Detecting 64 bit vs 32 bit

Before starting to look at this, its important to be clear about what you mean by "64 bit".
You can have a 64 bit CPU, a 64 bit operating system and a 64 bit process running.
It is equally possible to have 64 bit CPU, a 32 bit operating system installed and a 16 bit process running.

The table below shows a few of the combinations you need to account for:

  CPU Hardware Operating System Process
Windows 3.1 16 16 16
Windows 95/NT 32 32 32
Windows XP (16 bit compatibility) 32 32 16
Windows XP 32 32 32
Windows XP on new hardware 64 32 32
Windows 7+ on old hardware 32 32 32
Windows 7+ (32 bit compatibility) 64 64 32 (WOW)
Windows 7+ 64 64 64

Detect 64 bit processor hardware

In Vista and greater, you can use WMIC os get osarchitecture, or in WMI Win32_ComputerSystem/OSArchitecture
There are a number of promising looking options in WMI and Systeminfo, but they all pertain to the OS not the CPU.

Detect a 64 bit Operating System

:: Installed OS
Set _os_bitness=64
IF %PROCESSOR_ARCHITECTURE% == x86 (
  IF NOT DEFINED PROCESSOR_ARCHITEW6432 Set _os_bitness=32
  )
Echo Operating System is %_os_bitness% bit

Via David Wang’s blog post: Detect OS Bitness

Windows 10 on ARM includes an x86-on-ARM64 emulation, so the possible values for PROCESSOR_ARCHITECTURE are: AMD64 or IA64 or ARM64 or (for 32 bit) x86

Detect a 64 bit Process

Running C:\windows\SysWOW64\cmd.exe will launch a 32 bit instance of CMD.exe even if the OS is 64 bit.
Applications that are compiled for a 32 bit processor will run in a similar way.

We can detect this with the PROCESSOR_ARCHITEW6432 variable, AMD64 = a 32 bit process under WOW64 mode:

If "%PROCESSOR_ARCHITEW6432%" == "AMD64" ECHO 32 bit process

Or in PowerShell:
if ($env:PROCESSOR_ARCHITEW6432 -eq "AMD64") {"32 bit process"}

System Folders

64 bit versions of Windows have dynamic system folders C:\Windows\sys* to support both 64 and 32 bit programs.
PowerShell.exe, CMD.exe and many other programs are available as both 32 bit or 64 bit.

The dynamic sys folders will appear differently to a 32 bit session and a 64 bit session:

  32 bit folder 64 bit folder
32 bit session C:\Windows\system32\ C:\Windows\sysNative\
64 bit session C:\Windows\sysWOW64\ C:\Windows\system32\


By default a 32 bit session will launch 32bit executables from C:\Windows\System32\ but you can still choose to launch 64 bit executables by specifying SysNative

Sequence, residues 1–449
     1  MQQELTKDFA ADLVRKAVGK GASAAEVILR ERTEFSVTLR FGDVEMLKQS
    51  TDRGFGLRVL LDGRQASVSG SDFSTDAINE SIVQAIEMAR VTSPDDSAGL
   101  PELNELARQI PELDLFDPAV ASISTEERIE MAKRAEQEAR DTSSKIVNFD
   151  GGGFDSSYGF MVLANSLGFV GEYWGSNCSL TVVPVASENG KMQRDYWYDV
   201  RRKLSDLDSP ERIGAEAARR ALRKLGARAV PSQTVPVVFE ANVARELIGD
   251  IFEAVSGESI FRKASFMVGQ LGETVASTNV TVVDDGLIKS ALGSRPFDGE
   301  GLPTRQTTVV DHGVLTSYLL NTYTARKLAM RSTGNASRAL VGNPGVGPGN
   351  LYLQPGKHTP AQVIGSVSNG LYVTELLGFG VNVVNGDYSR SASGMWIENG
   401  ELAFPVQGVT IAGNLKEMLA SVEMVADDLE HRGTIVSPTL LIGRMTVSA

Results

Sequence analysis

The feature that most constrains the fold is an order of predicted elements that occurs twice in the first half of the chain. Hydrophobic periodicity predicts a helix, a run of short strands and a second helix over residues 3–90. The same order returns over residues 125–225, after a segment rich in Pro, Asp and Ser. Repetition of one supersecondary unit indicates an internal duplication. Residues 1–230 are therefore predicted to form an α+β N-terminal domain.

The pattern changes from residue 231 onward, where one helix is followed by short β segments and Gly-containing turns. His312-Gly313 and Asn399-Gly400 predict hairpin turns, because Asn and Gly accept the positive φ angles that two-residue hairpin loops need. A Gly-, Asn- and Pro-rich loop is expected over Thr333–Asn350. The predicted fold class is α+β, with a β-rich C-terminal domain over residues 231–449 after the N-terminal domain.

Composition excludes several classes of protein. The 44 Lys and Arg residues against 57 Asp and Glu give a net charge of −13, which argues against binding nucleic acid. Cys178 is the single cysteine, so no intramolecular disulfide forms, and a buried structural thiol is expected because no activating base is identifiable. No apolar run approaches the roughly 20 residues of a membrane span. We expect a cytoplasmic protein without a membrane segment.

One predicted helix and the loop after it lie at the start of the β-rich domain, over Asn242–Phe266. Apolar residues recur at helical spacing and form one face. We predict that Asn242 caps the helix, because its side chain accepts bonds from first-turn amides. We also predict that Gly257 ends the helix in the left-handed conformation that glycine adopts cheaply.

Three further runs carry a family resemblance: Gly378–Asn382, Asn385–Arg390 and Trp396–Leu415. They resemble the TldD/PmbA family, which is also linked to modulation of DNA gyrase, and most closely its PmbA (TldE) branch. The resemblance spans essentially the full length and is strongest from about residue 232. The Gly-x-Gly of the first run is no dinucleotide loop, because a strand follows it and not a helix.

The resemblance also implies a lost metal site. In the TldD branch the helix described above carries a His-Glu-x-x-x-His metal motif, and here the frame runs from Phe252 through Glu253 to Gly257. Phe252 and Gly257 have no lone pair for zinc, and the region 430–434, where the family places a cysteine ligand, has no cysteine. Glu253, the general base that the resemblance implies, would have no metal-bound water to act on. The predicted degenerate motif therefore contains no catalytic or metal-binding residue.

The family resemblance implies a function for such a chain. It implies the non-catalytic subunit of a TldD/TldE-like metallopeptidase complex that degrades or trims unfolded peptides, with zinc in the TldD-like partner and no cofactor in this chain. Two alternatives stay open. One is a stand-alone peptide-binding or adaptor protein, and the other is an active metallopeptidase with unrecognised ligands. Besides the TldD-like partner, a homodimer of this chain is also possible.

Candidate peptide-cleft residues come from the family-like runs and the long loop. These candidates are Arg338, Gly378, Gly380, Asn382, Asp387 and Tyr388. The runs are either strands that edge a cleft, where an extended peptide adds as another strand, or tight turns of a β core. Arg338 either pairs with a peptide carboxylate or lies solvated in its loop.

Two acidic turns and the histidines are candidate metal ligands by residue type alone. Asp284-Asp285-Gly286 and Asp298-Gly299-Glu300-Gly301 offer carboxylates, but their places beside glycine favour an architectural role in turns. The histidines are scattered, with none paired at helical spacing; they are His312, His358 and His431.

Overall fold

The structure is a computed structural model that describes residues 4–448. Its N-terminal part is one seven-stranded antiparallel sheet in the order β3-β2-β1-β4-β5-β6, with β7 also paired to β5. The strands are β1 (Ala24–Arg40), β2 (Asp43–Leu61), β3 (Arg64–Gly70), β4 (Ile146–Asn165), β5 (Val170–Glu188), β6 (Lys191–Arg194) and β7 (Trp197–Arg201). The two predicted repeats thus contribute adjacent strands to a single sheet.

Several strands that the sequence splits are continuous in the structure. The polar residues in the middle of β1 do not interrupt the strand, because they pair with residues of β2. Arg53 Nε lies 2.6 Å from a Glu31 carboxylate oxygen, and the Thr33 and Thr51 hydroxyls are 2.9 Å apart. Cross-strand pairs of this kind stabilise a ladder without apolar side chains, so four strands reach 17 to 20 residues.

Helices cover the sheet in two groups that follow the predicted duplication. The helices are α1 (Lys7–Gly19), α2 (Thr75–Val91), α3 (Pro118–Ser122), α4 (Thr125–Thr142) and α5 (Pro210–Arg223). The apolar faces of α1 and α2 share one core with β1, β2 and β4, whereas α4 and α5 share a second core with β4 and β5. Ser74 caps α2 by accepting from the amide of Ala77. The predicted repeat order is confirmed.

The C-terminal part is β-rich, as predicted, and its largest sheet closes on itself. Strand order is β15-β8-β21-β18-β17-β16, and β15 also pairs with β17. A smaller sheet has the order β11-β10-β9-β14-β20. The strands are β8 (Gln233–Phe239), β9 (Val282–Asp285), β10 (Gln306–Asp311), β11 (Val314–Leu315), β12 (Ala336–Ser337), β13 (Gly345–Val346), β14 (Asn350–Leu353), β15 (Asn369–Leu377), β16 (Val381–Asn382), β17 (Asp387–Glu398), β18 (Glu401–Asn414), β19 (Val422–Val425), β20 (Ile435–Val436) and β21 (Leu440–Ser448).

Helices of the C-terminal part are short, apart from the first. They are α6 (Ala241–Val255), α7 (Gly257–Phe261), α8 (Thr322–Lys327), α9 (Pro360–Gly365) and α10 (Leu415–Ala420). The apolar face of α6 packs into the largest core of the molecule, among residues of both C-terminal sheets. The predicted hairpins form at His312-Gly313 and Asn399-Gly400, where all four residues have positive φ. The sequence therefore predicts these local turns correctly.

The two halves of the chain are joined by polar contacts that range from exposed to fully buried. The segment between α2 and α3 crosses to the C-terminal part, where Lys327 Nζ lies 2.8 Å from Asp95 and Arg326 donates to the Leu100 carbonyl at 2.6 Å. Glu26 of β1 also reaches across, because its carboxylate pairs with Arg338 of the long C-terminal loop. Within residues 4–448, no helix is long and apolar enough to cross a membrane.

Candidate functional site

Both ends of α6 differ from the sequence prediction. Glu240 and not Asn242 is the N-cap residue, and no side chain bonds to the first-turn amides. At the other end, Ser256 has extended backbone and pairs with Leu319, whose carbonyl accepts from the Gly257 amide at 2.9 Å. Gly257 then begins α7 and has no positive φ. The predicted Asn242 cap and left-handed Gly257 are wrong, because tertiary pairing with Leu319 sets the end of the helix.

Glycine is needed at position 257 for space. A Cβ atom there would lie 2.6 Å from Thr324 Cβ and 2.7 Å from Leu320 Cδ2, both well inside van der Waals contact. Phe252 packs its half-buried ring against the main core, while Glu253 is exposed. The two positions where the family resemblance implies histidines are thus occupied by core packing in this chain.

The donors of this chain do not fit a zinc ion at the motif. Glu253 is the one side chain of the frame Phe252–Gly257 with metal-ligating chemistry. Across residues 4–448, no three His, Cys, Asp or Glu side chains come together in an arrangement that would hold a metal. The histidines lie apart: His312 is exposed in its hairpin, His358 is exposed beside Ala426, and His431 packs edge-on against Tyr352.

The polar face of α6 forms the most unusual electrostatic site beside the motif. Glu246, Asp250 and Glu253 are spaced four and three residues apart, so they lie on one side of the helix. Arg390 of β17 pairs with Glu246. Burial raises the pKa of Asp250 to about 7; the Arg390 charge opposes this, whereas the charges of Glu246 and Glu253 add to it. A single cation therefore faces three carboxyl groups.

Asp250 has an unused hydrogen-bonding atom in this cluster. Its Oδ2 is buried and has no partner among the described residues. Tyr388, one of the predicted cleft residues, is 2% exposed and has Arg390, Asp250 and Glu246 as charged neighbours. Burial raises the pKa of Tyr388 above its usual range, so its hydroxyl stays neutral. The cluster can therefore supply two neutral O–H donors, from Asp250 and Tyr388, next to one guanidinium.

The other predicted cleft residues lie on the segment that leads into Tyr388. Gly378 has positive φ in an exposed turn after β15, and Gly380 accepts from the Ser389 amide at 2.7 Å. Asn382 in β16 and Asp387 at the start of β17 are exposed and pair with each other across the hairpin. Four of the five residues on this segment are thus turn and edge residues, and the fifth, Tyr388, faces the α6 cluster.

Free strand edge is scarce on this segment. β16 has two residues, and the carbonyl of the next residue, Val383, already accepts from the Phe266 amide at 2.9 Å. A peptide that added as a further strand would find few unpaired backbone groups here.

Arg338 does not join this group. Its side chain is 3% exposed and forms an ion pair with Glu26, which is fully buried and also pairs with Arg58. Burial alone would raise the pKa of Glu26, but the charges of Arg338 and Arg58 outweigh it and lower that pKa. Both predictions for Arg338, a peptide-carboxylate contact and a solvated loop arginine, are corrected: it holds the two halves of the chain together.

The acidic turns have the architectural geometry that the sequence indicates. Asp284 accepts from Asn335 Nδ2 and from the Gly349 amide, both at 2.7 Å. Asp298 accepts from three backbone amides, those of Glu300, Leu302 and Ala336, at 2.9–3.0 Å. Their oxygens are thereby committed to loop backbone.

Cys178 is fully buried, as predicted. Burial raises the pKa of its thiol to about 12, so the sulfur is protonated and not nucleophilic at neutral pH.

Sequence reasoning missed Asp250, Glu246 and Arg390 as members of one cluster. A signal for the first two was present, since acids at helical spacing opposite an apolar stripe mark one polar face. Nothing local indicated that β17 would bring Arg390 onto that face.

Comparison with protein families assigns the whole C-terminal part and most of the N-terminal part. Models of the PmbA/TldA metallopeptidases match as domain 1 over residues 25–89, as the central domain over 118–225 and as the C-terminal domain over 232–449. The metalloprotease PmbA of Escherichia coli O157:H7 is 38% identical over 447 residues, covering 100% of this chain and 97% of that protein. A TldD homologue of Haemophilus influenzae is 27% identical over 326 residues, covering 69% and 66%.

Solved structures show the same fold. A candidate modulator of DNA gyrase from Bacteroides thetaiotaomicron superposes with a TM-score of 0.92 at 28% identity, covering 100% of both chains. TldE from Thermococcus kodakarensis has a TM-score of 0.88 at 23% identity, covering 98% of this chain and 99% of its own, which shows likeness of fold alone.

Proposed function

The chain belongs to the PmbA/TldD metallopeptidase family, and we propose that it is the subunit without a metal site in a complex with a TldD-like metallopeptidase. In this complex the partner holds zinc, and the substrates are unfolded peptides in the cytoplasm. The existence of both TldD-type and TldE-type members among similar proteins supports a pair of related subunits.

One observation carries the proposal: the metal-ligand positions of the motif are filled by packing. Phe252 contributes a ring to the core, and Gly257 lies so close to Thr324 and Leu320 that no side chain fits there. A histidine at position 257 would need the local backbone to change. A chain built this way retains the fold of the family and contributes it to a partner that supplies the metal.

By default a 64 bit session will launch 64bit executables also from C:\Windows\System32\ but you can still choose to launch 32 bit executables by specifying sysWOW64.

The sysNative folder is not visible to 64 bit processes or programs and cannot been seen in Windows Explorer.

The PROCESSOR_ARCHITEW6432 environment variable. If it’s set, then you’re in a 32-bit process on 64-bit Windows, and must use SysNative. If it’s not set, then you’re either in a 32-bit process on 32-bit Windows, or in a 64-bit process on 64-bit Windows. In that case, you can use System32.

File location environment variables

%ProgramFiles%      = 32 bit programs on 32 bit systems "C:\Program Files"
%ProgramFiles%      = 64 bit programs on 64 bit systems "C:\Program Files"
%ProgramFiles(x86)% = 32 bit programs on 64 bit systems "C:\Program Files (x86)"

Run a 32 bit program

To run a 32 bit program or utility on a 64 bit OS, the 32 bit executable file must be called from C:\Windows\SysWOW64\

if you run a 32 bit shell (such as C:\windows\syswow64\cmd.exe) and then try to launch a command, it will always look for a 32 bit version of the command, even if you explicitly use a full path to system32, the 32 bit shell will redirect to the 32 bit equivalent in syswow64 (if no 32 bit version of the command is found, then the new process will fail to launch.)

Run a 64 bit program from a 32 bit process

To run a 64 bit program from a 32 bit process use the virtual folder C:\Windows\sysnative

In many cases this is not needed as most utilities (e.g. ping.exe) have both a 32 bit and 64 bit version, however a few utilities (nbtstat, bcdedit) are only available as a 64-bit executable.

By default, running CMD from the start menu will launch a 64 bit process (C:\Windows\System32\cmd.exe)

“It's not so much that we're afraid of change or so in love with the old ways, but it's that place in between that we fear... it's like being between trapezes” ~ Marilyn Ferguson

Related:

Q556009 - How to check if a computer is running a 32 bit or 64 bit Operating System.
Q896458 - 64-bit Windows does not support 16-bit applications.
WMIC OS Get OSArchitecture


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